Gothic stylings appear so persistently in popular and literary fiction that they must be more than surface phenomena. Instead they are symbols operating in a network of meaning that may be relocated from one situation to another.
The images and texts below indicate some of the variations the gothic has taken in the past two centuries, and before.
Deep Origins: Hell as prototype of Gothic, Heaven (or Eden) as Antitype
Visions of hell, devils, and demons, with Lucifer as the original Byronic hero: proud, rebellious, attractive, dangerous to know. As the gothic develops, such imagery becomes secularized but may still evoke the supernatural.
As with the fair lady-dark lady counterparts, a vision of Hell requires a complementary vision of Heaven whose parts oppose in terms of color codes, moral values, hygiene, etc.
European Gothic: Haunted House & Haunted Mind
Rationale for European haunted house as mind: just as a house has rooms that remain locked because of past crimes and unquiet spirits (perhaps with connecting secret passages), the mind closes off or represses traumas, obsessions, fixations, other sources of disquiet.
Thus the haunted house corresponds to the haunted mind.
According to Freud, repressed fears never stay repressed, just as in the gothic the past like the dead does not stay buried. Correspondingly, the wrongs or traumas we repress can be awakened or triggered by any number of unexpected symbolic associations.
Young people's current obsession with zombies and other undead sorts like vampires may express their repressed fears of environmental and overpopulation apocalypse, violent unrest, suffering, epidemics, mass die-offs (already happening in animal world), mass-migrations, etc.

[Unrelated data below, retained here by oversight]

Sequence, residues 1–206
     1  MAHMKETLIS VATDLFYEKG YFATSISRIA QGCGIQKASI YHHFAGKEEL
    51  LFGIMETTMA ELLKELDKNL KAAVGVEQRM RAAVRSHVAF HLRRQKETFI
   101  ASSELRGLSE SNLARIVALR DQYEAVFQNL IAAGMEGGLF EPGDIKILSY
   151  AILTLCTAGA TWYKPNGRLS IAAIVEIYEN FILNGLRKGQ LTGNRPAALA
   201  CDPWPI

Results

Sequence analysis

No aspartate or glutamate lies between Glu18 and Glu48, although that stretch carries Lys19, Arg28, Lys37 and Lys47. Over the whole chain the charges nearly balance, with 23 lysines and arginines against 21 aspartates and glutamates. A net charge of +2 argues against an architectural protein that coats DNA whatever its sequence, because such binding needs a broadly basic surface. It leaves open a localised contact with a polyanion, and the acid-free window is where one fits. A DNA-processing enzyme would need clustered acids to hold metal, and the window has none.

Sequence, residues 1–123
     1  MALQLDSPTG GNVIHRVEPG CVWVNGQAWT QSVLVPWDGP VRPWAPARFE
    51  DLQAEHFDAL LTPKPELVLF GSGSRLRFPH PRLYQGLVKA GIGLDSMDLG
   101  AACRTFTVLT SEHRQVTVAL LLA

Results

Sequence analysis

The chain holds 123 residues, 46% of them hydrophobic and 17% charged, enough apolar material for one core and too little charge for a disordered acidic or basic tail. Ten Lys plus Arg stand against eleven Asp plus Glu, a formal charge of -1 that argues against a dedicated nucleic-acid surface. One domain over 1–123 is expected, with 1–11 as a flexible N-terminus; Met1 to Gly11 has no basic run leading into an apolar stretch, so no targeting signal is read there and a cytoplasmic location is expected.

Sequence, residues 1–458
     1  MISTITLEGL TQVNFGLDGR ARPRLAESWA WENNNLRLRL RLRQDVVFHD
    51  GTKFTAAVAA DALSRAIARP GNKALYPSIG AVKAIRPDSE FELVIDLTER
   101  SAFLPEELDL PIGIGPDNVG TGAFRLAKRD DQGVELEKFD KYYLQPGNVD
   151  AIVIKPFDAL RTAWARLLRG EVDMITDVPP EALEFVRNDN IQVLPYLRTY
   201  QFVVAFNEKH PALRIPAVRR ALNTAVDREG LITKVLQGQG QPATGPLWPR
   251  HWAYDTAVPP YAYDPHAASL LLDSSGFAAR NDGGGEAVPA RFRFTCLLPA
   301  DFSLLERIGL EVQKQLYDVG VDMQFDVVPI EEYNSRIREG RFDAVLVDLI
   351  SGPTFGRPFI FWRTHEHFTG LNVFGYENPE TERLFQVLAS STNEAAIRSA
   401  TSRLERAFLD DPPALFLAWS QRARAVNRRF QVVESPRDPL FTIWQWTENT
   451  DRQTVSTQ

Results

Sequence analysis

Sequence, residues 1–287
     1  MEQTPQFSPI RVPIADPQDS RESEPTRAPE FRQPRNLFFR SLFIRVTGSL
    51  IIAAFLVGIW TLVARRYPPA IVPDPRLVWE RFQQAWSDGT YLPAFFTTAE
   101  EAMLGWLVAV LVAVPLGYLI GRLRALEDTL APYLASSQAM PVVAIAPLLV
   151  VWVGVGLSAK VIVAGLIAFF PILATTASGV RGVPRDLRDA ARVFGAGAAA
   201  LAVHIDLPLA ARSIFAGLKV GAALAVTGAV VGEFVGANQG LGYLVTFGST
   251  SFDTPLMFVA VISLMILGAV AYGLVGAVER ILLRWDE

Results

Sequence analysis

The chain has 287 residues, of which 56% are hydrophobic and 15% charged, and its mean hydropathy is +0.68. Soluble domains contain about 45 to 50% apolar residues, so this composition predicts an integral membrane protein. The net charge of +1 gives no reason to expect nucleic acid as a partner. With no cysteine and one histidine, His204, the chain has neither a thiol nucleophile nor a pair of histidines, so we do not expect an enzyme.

(Feel free to blame my Boomer generation, whom big government bought nearly-free public higher education and middle-class subsidies, and who responded by cutting their own taxes and telling Millennials to show character and be heroic like we weren't.)
For more illustrations of haunted house as mind, see Mazes & Labyrinths.
The gothic motif of "twinning" may also be psychological, indicating the divided nature of humanity, as in Robert Louis Stevenson's Strange Case of Dr. Jekyll and Mr. Hyde (1886) and Poe's William Wilson (1839).
Wilderness Gothic: the Wilderness as site of past crimes & spirits of vengeance
Charles Brockden Brown, Edgar Huntly (1799)
Hawthorne, Young Goodman Brown
The haunted forest may be traced back to European fairy tales like Hansel & Gretel or tales of knights crossing unknown territories.
The Moral, Spiritual, or Puritan Gothic: Hawthorne especially,
Jonathan Edwards, Sinners in the Hands of an Angry God
Shirley Jackson (1916-1965), "The Lottery," The Haunting of Hill House (1959)
Arthur Miller (1915-2005), The Crucible (1953)
The moral or spiritual gothic resumes some of the moral metaphysics of Western civilization's color code:
light or white equals goodness and order,
while darkness or blackness is associated with evil or the unknown or disorder.
Though descended from Puritan stock, Hawthorne was not a religious man in any traditional or institutional sense, but he used gothic imagery or symbolism, including light and dark to create ambiguous modern scenarios in which good and evil, right and wrong, become tragically (and sometimes transcendently) mixed and fused with each other.
Light and dark mix to become shades of gray.
By generating such ambiguity and confusion, Hawthorne avoids fundamentalist moralism and depicts morality as an open-ended process by which humans keep learning what is right and wrong—and become more human by doing so.